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Oct 8, 2019

How often are we as recruiters limiting ourselves just with LinkedIn, overlooking other resources? In this article, I want to push the borders of sourcing and show non-trivial platforms where to look for IT specialists.

These resources can be useful not only if you’re searching for new profiles not available on LinkedIn. They can also provide you with information that helps to personalize your starter message to the candidate.


Everyone knows Quora as the Q&A platform. But it turns out you can also search for candidates there. Here are two ways how you can do that:

  1. Use internal search
  2. X-ray search

For internal search, go to Profiles and enter keywords in the search box, for example: Java Ukraine

The website will show you the list of profiles having these keywords.

As for the X-ray search, here’s how to use it: Java Ukraine

In many cases, profiles you’ll find look much like pretty detailed CVs.


You surely know that in many companies, candidates are asked at the interviews about professional books they read. This question matters to the companies, as reading books, after all, shows that candidates work on their professional growth, and are focused not only at current working issues.

So, if you’re also interested in these employees, why not search them on Goodreads? Sure thing, not everyone uses it and writes their reviews. But if you reach out to a person there or refer to their book review in your first email, it’ll be a huge plus and will surely set you apart from the crowd of other sourcers and recruiters.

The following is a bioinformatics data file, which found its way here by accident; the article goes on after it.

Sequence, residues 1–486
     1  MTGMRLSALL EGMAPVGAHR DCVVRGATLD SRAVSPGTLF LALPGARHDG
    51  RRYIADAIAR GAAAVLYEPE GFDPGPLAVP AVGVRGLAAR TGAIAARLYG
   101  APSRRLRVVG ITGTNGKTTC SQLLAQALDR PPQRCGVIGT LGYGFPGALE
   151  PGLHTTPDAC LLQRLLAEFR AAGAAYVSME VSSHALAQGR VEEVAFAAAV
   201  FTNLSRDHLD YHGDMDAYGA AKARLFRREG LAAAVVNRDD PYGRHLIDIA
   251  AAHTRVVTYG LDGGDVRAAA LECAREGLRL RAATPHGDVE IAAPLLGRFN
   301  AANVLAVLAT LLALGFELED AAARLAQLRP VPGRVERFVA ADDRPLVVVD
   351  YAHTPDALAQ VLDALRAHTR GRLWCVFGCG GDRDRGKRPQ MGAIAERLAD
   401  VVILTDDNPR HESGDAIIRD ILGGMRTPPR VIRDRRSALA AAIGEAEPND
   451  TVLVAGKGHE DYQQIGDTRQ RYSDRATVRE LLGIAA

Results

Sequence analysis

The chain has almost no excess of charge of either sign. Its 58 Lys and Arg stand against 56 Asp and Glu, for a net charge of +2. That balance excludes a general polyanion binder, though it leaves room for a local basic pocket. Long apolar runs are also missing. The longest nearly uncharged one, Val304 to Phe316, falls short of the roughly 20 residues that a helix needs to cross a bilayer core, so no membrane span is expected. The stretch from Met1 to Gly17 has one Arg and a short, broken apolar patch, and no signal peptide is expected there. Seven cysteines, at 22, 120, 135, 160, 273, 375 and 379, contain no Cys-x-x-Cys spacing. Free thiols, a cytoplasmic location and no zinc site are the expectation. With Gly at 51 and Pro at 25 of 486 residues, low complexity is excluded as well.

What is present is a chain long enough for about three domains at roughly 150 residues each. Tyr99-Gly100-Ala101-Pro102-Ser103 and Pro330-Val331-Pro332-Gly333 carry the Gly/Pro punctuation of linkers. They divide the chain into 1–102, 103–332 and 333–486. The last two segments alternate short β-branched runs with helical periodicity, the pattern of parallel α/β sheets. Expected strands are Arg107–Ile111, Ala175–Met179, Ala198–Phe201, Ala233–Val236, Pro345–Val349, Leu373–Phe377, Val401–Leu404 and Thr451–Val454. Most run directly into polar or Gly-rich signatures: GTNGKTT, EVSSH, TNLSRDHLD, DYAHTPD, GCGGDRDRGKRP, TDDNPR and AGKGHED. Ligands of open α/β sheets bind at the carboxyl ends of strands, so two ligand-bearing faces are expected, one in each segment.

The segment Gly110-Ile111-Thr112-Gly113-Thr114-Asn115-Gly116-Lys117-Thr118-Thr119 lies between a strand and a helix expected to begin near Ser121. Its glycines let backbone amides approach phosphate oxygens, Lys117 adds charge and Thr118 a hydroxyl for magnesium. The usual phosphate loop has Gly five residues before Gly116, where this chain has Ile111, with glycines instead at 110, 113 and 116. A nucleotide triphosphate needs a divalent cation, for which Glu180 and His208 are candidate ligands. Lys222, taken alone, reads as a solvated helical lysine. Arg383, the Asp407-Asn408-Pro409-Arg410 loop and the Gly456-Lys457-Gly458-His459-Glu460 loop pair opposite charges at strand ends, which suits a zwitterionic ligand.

To find candidates on Goodreads, you can use a simple X-ray request: Python London

You can also try to look for people who’ve read a specific book, for example: “Full-Stack recruiter”


Slack has become a standard tool not only as a messenger for internal communication across the teams but also as a place where different communities meet.

There are plenty of specialized IT communities in Slack. You can find many collections by yourself on the Internet or by recommendation of programmers you know.

Once you find the community you need, go to the Work or Job channel – they are created for sharing careers opportunities so that you can post your vacancy there.

Getting back to the article topic, here’s a hack on how to export the data from the entire channel with the names of participants and their available contacts. I just changed the code a bit, removed the parts which I don’t need and added a Skype search. As it turned out, many guys mention it 😉

You’re welcome to use this approach:

var members = {

  return {

            ‘firstName’: member.profile.first_name,

            ‘lastName’: member.profile.last_name,


            ‘title’: member.profile.title,







If you are looking for someone who writes professional articles, you can use several ways to search for such people:

  1. Search within a specific resource (e.g. SourceCon)
  2. Search on popular blogging sites: Medium, Tumblr, etc.

If you know the websites where specific professionals publish their content, create an X-ray search for this website. For example, here’s how we’ll search for people on SourceCon: UK

This request can also be helpful for those who are looking for potential keynote speakers for the conferences.

If you’re searching for the candidates on such popular websites, like Medium, the request may look like this: Frontend Europe

You can also easily search for people by tags.


This is the platform where people post their photos. Flickr has an internal keyword search used in the profile. Many users indicate their position and location.

We also use X-ray search: designer Berlin

Here you can find many designers who post their works or are fond of photography and to plenty of other IT specialists.

Of course, first of all, each of us will begin the search from the LinkedIn, the resource we all know and widely used. But I hope these ideas will help you expand the boundaries of sourcing and bring you to more interesting profiles.

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